Being busy, being proactive, being supportive and helpful to my colleagues, I’m not going to lie, is leaving me feeling pretty optimistic. For now. Ask me again when the very short period of severance pay I have runs out. Let’s hope that hope holds.

 

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Year 40. Day 1.

I woke up. Brushed my teeth, puttered around. Picked up coffee and breakfast and drove to the park. The latte I finished en route and I ate most of a protein box in the car.  And then I went hiking by myself. Which… unless you count my exercise runs in the woods I’ve never done.

Matthew Inman (creator of the Oatmeal cartoon) wrote a thoughtful missive on the confusing and pointless idea of continuous permanent happiness. That’s how I interpreted it anyway. It’s not a destination you arrive at. Or a fucking journey either. The idea that you’re in this achievable stasis of contentment is just… wrong. It’s a recipe for frustrated failure that completely abandons the idea of nuance.

I am not always happy. Fuck, in the course of a single day the range of emotions I can, or may experience would read like a seizure of brain activity.

I think my goal for being 40 is just acceptance.  And by that I don’t mean passivity. I mean that for me there will never be enough. If I get hit by a car and lie bleeding in the street tomorrow, my dominant emotion will be frustrated rage, because I want more and it’s not enough time.  But what I realized when I laid with the arms of the person I’ve waited most of my life to be with riding out the last minutes of my thirties, is that… that same statement will probably still be just as true if I were 80. So I have to learn to take moments of satiety and accept that those are enough. I can’t use the word satisfaction, that doesn’t sound transient enough. I will feel… in moments, fulfilled. Not perpetually. Not as a single thing of achievement. Just here and there. And that sometimes I feel frustrated with the struggle to achieve, or to nail down what it is that I feel like I “should” be doing.  Not for anyone else, or record keeping, or comparison. Just… true attunement to the frequency I run on. That I have given myself enough fuel and space and input to know what it is that feels valuable and meaningful to me. To stop and pay attention to myself and go into the woods or read or write to listen to music and remember what I’m supposed to be doing.  Create. Thrive. Adapt. Struggle. Suffer if I have to, at least if the pain is part of intelligent growth, in pursuit of something meaningful. Because it won’t all be glorious joy, it can’t be.  Acceptance of the fact that the elation is always the counterpoint on the pendulum to sadness, grief, stress, struggle. And none of things are bad. They just are.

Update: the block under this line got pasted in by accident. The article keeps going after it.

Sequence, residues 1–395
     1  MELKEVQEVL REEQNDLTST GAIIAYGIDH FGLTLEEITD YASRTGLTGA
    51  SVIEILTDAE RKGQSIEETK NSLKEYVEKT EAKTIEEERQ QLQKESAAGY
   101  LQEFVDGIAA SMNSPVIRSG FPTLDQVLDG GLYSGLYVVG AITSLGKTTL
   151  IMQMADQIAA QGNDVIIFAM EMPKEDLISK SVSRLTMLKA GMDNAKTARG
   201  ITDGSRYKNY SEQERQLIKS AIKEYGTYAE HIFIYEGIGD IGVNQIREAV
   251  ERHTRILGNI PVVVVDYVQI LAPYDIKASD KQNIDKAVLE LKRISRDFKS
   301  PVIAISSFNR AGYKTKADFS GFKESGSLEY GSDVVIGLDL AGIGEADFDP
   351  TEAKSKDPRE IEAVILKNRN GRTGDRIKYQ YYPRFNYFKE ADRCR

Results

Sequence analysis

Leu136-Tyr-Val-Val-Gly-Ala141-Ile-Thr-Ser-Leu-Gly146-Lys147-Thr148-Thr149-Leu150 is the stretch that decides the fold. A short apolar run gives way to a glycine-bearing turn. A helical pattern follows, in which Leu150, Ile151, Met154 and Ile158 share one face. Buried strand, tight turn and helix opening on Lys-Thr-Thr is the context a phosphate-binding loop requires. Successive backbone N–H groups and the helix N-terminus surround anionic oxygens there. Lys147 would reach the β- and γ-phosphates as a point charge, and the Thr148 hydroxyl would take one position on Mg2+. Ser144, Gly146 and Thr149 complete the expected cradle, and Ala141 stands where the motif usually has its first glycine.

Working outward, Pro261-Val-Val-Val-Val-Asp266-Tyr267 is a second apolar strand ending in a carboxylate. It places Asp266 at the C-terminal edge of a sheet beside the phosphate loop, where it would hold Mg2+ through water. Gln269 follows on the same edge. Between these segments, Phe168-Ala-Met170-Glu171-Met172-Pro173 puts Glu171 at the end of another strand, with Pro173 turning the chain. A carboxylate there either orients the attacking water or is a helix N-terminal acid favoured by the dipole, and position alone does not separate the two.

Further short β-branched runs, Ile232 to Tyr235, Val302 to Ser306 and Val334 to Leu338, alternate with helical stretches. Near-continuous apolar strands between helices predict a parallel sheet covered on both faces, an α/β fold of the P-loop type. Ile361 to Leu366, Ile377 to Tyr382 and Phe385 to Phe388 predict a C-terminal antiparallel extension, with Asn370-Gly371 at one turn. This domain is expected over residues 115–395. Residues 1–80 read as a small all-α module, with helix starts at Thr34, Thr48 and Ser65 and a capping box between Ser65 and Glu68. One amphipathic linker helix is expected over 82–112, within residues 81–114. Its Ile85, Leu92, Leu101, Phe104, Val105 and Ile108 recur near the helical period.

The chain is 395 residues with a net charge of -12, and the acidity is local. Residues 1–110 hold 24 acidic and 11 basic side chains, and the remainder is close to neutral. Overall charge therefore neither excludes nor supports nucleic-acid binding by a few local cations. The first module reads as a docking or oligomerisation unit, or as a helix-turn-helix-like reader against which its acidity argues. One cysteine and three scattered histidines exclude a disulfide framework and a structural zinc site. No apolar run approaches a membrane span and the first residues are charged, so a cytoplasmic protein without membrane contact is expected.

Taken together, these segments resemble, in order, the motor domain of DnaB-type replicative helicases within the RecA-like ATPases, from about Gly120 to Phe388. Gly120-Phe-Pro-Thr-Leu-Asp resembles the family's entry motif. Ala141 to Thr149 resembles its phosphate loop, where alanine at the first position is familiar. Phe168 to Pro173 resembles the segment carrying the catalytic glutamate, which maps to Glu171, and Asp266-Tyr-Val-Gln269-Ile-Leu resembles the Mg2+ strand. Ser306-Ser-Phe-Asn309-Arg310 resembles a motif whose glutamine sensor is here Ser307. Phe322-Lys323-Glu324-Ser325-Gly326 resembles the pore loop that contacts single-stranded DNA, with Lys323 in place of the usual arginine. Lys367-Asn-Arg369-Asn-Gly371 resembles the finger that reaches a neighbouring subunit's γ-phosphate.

The kind of pain that’s pointless is the stupid external measurements and restrictions you apply to yourself that are part of a system or idea or goal that isn’t something self identified.  WHY are you doing what you’re doing? Is it for you? What purpose does it serve? If the struggle is truly in pursuit to be your own person it matters, it will have results you won’t feel frustrated by or stress that isn’t just an irritating pointless wave.

I need to spend more time deliberating. To… Exercise. Write. Read.

The end of my marriage was the start of something. The universe answering a question I spent a long time figuring out how to ask. Here’s a milestone birthday. Use your one lifetime wisely.  Weather the unexpected with as much patience and grace as you’re able, forgive yourself when things don’t go exactly as you planned. Chase the things you want. Love big. Leap, push, grow and don’t stop to look around to wonder what anyone else things about what you’re doing.  Don’t waste the time, because you can’t ever get it back.

Live. Live. Live!  because you’re eventually going to fucking die!